Monday, July 25, 2011

Burl Trouble

In 1948, popular folksinger Burl Ives was one of the main selling points for RKO Radio Pictures when it was promoting Station West, the partly filmed-in-Sedona cowboy film noir; he was fourth-billed in the credits and featured in all promotional materials. But when the film was re-released in 1954, Ives’ name mysteriously vanished, and his screen time greatly reduced. Bizarrely, Ives’ role in Station West seems to have been a little-noticed casualty of Cold War paranoia.

In May 1948, Obsessive-Compulsive millionaire Howard Hughes took control of financially struggling RKO. A virulent anti-Communist, Hughes fired approximately 1,900 of RKO’s 2,500 employees, virtually shutting down production for six months while his investigators dug into remaining workers’ pasts. “It is my determination to make RKO one studio where the work of Communist sympathizers will not be used,” Hughes told the Holly­wood Reporter in April 1952. To that end, Hughes set up a “security office” at RKO; one of its tasks was to purge suspected Communists from the credits of older RKO films being re-released to theaters.

Here’s where Ives appears to have run into a problem. In 1950, Counter­attack: The Newsletter of Facts To Combat Com­munism, published a book called Red Channels: The Report of Com­munist Influence in Radio and Television, which listed 151 people in entertainment and broadcast journalism linked to “subversive” organizations, either at the time or in the past. Red Channels claimed Ives had had past association with three obscure leftist organizations in the early 1940s.

But on Sept. 25, 1952, under the headline “Reds Dupe Artists, Senate Group Says,” The New York Times reported that the Senate Internal Security Sub­committee cited Ives and three other show business personalities as examples of how Com­munists were using the respected American entertainers to unwittingly strengthen subversive aims. Ives was not accused of being either a Communist or a deliberate “fronter.” In a statement included in the Times story, Ives wanted it on the record that he’d voluntarily gone before the Senate to show he “never knowingly approved anything Un-American.” He closed the statement by saying: “I am not and never have been a Communist.”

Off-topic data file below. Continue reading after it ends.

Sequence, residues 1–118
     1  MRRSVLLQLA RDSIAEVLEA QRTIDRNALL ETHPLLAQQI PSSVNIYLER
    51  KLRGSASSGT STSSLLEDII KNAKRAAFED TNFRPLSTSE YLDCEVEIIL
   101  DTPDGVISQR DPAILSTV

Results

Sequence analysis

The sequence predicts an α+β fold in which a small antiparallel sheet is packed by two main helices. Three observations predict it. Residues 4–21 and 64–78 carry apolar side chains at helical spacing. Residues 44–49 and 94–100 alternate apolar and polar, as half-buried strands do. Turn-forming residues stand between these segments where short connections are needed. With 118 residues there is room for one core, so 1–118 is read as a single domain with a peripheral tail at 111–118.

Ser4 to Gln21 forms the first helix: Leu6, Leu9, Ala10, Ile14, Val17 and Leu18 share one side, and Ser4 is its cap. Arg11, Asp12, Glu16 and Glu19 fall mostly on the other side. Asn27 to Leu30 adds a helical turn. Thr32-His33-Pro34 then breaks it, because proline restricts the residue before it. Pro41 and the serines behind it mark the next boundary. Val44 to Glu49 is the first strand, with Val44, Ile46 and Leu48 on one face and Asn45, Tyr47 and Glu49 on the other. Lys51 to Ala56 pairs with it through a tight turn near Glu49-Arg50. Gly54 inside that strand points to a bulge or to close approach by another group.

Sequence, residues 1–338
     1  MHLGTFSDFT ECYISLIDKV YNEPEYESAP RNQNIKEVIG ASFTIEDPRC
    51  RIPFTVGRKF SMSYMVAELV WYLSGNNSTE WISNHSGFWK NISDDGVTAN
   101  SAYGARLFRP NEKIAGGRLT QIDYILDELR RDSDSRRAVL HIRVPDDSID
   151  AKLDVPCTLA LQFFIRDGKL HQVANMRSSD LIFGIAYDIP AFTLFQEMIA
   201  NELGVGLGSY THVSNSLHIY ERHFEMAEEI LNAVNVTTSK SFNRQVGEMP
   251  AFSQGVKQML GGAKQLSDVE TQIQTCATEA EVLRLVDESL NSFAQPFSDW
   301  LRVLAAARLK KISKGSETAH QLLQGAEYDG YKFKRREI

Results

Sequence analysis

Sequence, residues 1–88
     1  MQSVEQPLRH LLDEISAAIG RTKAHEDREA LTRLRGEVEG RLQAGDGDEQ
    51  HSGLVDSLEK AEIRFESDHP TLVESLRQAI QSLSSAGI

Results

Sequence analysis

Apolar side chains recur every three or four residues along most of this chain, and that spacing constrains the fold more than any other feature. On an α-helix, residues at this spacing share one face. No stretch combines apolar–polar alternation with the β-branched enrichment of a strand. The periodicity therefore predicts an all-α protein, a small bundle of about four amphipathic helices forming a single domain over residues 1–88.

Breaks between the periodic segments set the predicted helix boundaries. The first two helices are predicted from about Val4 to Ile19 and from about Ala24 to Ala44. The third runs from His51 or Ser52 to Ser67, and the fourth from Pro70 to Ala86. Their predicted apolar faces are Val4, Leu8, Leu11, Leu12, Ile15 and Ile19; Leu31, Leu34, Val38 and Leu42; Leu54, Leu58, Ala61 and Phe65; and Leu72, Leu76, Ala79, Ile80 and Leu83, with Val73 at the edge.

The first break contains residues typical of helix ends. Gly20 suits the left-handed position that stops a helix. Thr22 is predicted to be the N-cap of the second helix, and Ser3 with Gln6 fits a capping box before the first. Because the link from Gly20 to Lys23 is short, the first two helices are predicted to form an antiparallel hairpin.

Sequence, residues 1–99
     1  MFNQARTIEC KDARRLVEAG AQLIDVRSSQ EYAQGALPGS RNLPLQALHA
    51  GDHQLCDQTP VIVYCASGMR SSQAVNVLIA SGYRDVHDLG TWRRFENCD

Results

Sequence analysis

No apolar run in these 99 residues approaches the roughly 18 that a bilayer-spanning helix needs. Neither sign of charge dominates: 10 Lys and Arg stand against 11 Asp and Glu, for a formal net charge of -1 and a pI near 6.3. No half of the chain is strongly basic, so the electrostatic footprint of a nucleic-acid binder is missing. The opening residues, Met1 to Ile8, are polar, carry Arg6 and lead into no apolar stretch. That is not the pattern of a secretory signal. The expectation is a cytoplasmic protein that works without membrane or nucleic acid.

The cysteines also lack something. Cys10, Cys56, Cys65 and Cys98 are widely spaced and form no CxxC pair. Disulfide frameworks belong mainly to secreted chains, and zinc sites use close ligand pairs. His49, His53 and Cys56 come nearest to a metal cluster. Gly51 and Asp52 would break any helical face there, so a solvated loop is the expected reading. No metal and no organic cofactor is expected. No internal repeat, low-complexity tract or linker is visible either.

By the looks of it, Hughes was not impressed. With no fanfare Ives’ name was erased from posters, ads, and the film’s credits when Station West was re-released to theaters in 1954. Look at the poster from 1948 (at top), which displays Ives’ name and image. This was typical of the film’s entire publicity campaign, which clearly aimed to leverage the folk­singer/radio personality’s popularity. In ‘54, however, Ives is conspicuously missing from all promotional materials, such as the poster above– funny that the campaign now sported a “red” color scheme.––Joe McNeill

Monday, July 18, 2011

‘Legion’ of Honor

I uncovered a lot of obscure facts while researching my book Arizona’s Little Hollywood, but one of the most unexpected finds was a gushing trade review for The Vanishing Legion, the 1931 Mascot Pictures serial that paired cowboy star Harry Carey with Flagstaff’s own Rex, the King of Wild Horses. So now we have confirmation: The Vanishing Legion is American cinema’s most critically lauded examination of an unseen archvillain’s use of radio to command minions to do his evil bidding.––Joe McNeill